The victory of the opposition People’s Democratic Party in Bhutan is a snub to former prime minister Jigme Thinley and his policies. The result shows that the people have wisely chosen an alternative to the Druk Phuensum Tshogpa, which had been calling the shots since its victory in the first national election five years ago. It also proves that parliamentary democracy has taken roots in the landlocked nation, which still retains the old name, the Kingdom of Bhutan. Though India has tried to maintain close friendship with Bhutan, their bilateral ties have come under strain, as underscored by India’s recent decision not to subsidise distribution of petroleum products like diesel and kerosene in Bhutan.
India’s decision to withdraw subsidy could have influenced voting, though that might not have been its objective. Thinley had only himself to blame for the strained relations. India owes certain defence and diplomatic responsibilities to Bhutan, which is expected to take the neighbour into confidence on such issues. Alas, Thinley had, of late, been coming closer to China in the name of adopting an independent foreign policy. He also did not think it necessary to inform, let alone consult, India even when Bhutan established diplomatic ties with other countries. India often came to know about such developments only after they hit the headlines in the media. That was not the case when the king was not just a titular head.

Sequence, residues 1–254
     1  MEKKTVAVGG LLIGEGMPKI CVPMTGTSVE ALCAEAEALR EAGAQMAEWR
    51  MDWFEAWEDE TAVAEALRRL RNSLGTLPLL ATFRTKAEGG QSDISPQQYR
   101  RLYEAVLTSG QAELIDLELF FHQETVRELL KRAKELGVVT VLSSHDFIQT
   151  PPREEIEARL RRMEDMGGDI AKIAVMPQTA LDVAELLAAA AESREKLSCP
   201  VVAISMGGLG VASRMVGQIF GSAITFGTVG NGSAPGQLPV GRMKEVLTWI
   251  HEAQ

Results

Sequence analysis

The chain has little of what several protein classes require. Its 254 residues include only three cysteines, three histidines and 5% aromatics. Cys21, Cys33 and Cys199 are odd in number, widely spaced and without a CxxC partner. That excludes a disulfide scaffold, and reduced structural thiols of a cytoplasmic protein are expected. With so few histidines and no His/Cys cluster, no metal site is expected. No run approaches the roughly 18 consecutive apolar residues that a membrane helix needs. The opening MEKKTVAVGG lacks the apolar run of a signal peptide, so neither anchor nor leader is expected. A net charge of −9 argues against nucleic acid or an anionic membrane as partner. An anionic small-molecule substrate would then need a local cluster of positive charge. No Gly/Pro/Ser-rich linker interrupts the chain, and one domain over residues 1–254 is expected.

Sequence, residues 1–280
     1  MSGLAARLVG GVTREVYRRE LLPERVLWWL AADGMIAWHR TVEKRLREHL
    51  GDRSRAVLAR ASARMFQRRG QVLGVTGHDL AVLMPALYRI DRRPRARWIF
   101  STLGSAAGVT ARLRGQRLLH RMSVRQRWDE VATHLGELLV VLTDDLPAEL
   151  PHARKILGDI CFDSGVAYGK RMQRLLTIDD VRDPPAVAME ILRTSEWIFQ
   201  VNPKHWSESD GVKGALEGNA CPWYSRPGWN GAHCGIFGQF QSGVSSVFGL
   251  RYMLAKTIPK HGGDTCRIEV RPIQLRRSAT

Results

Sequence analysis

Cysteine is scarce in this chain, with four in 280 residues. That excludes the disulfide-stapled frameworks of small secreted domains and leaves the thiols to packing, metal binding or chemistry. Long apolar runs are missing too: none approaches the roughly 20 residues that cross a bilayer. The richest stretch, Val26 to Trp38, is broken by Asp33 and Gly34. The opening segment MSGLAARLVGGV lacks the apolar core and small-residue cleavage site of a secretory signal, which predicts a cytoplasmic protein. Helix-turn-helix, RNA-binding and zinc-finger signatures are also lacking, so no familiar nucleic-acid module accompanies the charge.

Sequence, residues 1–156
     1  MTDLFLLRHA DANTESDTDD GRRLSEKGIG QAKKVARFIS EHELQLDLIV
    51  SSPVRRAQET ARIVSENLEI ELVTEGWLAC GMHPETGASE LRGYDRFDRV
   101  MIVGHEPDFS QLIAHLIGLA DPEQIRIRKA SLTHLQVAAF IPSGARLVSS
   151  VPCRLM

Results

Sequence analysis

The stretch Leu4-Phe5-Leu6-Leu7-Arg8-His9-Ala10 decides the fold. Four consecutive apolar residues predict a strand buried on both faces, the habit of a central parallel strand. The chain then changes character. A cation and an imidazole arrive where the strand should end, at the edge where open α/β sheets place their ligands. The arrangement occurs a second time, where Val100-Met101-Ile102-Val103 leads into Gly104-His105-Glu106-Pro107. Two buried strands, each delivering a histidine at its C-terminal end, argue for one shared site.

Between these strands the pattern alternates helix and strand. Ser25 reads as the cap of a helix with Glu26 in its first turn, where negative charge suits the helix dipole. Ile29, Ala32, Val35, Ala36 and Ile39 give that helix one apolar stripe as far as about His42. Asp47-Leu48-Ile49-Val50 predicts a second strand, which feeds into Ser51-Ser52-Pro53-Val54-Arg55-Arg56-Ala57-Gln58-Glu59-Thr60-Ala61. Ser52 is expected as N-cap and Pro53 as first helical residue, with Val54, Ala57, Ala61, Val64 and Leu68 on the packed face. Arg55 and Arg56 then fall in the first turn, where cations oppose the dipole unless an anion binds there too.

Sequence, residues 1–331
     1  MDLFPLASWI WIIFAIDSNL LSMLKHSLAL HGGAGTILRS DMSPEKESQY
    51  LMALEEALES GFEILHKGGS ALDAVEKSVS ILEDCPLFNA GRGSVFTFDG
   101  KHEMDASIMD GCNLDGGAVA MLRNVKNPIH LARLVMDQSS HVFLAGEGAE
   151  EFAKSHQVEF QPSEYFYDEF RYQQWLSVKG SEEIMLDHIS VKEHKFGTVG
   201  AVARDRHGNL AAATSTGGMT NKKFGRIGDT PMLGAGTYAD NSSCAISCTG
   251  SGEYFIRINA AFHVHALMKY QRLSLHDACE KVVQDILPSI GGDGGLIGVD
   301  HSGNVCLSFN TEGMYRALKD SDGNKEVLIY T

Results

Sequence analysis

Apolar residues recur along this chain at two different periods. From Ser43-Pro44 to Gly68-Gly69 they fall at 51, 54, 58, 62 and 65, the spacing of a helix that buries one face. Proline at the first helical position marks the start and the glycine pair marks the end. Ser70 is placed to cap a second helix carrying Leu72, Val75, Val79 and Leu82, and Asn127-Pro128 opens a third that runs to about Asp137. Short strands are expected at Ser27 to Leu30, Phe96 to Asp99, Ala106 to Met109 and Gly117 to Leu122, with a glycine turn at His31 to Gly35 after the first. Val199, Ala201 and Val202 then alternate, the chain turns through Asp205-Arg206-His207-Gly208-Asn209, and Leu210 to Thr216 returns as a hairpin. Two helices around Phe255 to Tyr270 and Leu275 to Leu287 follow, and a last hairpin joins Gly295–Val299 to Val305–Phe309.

Thinley was the architect of Bhutan’s Gross National Happiness project, which had found many takers in political and academic circles. However, the GNH could not hide the sorrow of nearly 1 lakh Nepalis, staying in Bhutan for generations, who were branded illegal and forced out. His defeat clears the way for India to re-establish its friendly ties with Bhutan. Subsidy for petroleum products is a small price India has to pay for the happiness of the Bhutanese, who should not feel that India has been playing big brother. Rapprochement and reconciliation should guide India-Bhutan relations in future.